Tips & Tricks

The collision of the creative and practical parts of the brain gives us the world’s great inventions. The basic tools man has invented – the lever, the wheel, the pulley – haven’t been improved on centuries later, but the way those tools are adapted continue to evolve. Electricity is a force of nature and physics, but the taming of that force allows it to move mountains ...


The collision of the creative and practical parts of the brain gives us the world’s great inventions. The basic tools man has invented %%MDASSML%% the lever, the wheel, the pulley %%MDASSML%% haven’t been improved on centuries later, but the way those tools are adapted continue to evolve. Electricity is a force of nature and physics, but the taming of that force allows it to move mountains and still remain safe to use.

This is how Tips & Tricks was born 20 years ago %%MDASSML%% by facing the problems we see each day on the plant floor and crafting a creative solution. Hundreds of great ideas over two decades have helped PLANT ENGINEERING readers out of tight spots and helped get the job done safely and efficiently.

Even in today’s high-tech world, the basics of tools and nature haven’t changed. How we use them has changed dramatically. But there always will be room in a high-tech world for innovative ways to move motors, measure voltage or simply fill in a hole. Here are the 2007 contributions from PLANT ENGINEERING readers to the legacy of Tips & Tricks:

Moving motors to change bearings

When changing a bearing, coupling, etc. the motor normally needs to be moved out of the way to access the equipment. For heavier motors, remove the motor mounting bolts, disconnect the coupling and lift each foot with a small flat pry bar. Put a 1/8” x 4” nipple under each foot and roll the motor out of the way. Once out of the way place a washer in front of and behind two of the roller pipes to keep it place. After repairs, remove the washers and roll it back into place and remove the roller pipes.

Jack Jones

Electrical Engineer

Guardian Industries Corp., Pittsburgh

Saw in reverse

When cutting PVC with a hole saw. Run the saw in reverse and the holesaw will not twist and jerk out of your hand.

Ken Borgen

Maintenance & Facilities Manager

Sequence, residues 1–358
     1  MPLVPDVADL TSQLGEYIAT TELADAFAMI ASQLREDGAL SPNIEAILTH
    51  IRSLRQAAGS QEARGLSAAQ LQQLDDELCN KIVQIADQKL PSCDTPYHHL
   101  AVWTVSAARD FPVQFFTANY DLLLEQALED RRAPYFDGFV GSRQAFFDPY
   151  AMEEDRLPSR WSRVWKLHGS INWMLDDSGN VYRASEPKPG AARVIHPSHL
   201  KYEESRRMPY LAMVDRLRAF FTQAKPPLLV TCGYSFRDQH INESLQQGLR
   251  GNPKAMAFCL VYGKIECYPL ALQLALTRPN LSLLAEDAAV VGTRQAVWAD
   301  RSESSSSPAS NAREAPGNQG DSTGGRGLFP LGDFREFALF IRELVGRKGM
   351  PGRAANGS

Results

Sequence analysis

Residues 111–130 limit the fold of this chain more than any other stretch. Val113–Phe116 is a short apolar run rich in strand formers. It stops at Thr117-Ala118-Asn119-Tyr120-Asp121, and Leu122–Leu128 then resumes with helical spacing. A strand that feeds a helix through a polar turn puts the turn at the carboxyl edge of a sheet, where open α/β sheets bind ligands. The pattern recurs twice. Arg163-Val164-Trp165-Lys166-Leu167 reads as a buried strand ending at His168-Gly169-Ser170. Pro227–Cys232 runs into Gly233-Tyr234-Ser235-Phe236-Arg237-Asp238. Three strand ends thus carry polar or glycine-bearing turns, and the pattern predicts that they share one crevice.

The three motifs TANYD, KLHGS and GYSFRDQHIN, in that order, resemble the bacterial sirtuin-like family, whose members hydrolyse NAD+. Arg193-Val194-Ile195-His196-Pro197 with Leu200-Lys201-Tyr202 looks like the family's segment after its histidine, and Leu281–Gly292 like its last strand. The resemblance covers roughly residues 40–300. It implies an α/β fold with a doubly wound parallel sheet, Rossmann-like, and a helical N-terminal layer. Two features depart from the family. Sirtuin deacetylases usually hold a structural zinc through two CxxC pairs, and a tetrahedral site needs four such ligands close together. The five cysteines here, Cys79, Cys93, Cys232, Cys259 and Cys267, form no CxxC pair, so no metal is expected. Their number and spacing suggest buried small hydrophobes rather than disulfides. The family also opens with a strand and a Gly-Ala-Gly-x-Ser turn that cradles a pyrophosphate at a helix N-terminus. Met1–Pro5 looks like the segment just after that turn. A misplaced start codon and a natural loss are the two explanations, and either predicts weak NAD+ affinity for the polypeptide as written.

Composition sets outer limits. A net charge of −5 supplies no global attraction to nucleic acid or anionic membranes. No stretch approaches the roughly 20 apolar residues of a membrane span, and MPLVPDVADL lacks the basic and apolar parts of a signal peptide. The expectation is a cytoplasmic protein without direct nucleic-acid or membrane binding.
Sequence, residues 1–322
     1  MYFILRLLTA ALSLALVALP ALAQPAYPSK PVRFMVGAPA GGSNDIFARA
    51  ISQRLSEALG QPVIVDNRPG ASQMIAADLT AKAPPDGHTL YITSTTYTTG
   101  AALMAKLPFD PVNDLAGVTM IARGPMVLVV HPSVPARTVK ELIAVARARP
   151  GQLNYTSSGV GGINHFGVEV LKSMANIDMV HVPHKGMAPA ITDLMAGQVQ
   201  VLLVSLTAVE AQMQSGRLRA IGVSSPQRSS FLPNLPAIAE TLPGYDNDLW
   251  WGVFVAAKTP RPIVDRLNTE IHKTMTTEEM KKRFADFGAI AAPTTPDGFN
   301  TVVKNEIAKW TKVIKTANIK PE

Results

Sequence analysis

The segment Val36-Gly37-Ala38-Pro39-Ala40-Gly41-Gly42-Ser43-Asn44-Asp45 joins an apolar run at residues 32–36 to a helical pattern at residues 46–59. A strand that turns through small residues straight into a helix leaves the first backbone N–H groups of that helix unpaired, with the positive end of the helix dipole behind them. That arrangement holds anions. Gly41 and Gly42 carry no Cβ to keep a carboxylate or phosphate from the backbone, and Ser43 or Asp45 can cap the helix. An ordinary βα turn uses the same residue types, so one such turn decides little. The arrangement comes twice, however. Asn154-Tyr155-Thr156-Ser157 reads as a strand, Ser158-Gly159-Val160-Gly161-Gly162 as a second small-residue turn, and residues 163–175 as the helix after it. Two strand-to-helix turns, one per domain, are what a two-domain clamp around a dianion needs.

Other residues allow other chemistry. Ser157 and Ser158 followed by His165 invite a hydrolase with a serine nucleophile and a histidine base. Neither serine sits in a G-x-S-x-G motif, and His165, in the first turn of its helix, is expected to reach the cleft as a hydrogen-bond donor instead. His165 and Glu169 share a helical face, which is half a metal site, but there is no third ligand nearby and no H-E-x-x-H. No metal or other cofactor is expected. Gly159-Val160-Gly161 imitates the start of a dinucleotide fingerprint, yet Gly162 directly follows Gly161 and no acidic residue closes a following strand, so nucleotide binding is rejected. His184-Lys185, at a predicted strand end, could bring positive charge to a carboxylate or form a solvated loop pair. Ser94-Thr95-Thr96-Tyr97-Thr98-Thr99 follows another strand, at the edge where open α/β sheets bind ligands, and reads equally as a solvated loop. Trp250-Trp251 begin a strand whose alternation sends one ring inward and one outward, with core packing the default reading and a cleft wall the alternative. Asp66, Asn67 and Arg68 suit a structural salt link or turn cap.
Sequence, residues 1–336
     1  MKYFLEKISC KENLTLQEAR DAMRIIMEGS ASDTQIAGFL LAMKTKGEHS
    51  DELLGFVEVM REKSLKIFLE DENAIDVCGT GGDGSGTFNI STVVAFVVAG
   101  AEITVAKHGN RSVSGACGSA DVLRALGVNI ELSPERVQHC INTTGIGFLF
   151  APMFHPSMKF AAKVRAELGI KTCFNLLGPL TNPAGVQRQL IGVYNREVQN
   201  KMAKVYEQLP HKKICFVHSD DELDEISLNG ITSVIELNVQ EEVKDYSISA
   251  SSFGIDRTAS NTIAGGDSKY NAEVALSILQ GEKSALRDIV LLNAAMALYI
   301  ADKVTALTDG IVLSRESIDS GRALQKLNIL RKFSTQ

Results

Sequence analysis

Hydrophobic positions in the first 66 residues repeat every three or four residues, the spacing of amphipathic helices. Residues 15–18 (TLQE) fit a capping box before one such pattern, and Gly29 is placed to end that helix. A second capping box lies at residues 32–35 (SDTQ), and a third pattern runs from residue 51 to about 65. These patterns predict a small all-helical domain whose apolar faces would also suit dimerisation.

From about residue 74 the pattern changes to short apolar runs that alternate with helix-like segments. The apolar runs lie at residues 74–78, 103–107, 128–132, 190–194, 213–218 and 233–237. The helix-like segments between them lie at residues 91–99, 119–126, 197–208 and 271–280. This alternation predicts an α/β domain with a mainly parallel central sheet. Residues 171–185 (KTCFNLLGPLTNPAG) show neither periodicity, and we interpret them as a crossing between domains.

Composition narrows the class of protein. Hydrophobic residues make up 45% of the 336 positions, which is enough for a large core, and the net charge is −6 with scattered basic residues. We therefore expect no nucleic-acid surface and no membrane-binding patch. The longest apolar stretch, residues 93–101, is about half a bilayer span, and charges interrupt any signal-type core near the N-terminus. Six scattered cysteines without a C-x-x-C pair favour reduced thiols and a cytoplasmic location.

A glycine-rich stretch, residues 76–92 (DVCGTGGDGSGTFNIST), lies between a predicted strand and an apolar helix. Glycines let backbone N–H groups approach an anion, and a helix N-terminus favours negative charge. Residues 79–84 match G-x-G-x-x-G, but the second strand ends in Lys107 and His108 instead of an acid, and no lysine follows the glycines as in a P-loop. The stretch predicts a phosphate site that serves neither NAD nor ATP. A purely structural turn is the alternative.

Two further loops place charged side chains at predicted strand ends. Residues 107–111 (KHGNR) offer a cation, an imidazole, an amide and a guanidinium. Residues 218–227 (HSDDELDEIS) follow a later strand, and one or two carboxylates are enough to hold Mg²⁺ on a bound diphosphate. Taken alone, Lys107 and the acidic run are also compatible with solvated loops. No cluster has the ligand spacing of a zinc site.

The Michaels Furniture Co., Sacramento, CA

Test lights as indicators

I find neon test lights to be handy when used as intended, but also as indicator lights. Cut off the tips, crimp on terminals, and install across AC components. Use several, as test lights are inexpensive, have a wide-voltage AC range, and don’t take up much space. Troubleshooting is easier when watching a sequence of events. I leave them in place, because there is not much reason to pull them out. Watching them helps explain operating details to someone else.

Craig Cox

Project Engineer

Corporate Engineering, Racine, WI

Filling the gap

When filling in a hole that has been worn open past an acceptable tolerance, a piece of copper pipe (with an outside dimension of the size that is needed) can be inserted into the hole. A welder can fill the gap between the worn sides of the hole and the copper pipe. When the welding is complete, simply knock-out the piece of pipe.

Gary Hawkins

Plant Engineering Supervisor

3M, Nevada, MO

Testing fan speeds

Hinge a small vane in the moving air so it rests on a contact point that triggers a solid state relay, Adjust the vane’s weight so the switch opens when the fan’s speed is higher than desired. When it slows down, the contact closes and the speed increases. The switch contact can be optical to avoid the exposed arc of a true mechanical point contact.

Craig Cox

Project Engineer

Corporate Engineering, Racine, WI

Protecting bump strips

On automatic doors, when there is a bump-strip to prevent shutting while anything is in the way, a flexible piece of material can be used to cover the bump-strip so that if an item such as a pallet jack in the door is moving when the bump-strip is contacted it will not pull the bump-strip out of its track.

Gary Hawkins

Plant Engineering Supervisor

3M, Nevada, MO

Testing for loss of ground

Use a non-contact voltage tester for the loss of ground to electrical equipment. Test first in an outlet, then hold the tester close to the metal case of a piece of equipment connected to the outlet with a three-prong plug. If properly grounded, the probe will not light or sound. Then connect the three-prong plug to a two-prong adapter. Plug into an outlet, and then hold the voltage probe close to the metal case. The probe will sound and light indicating voltage.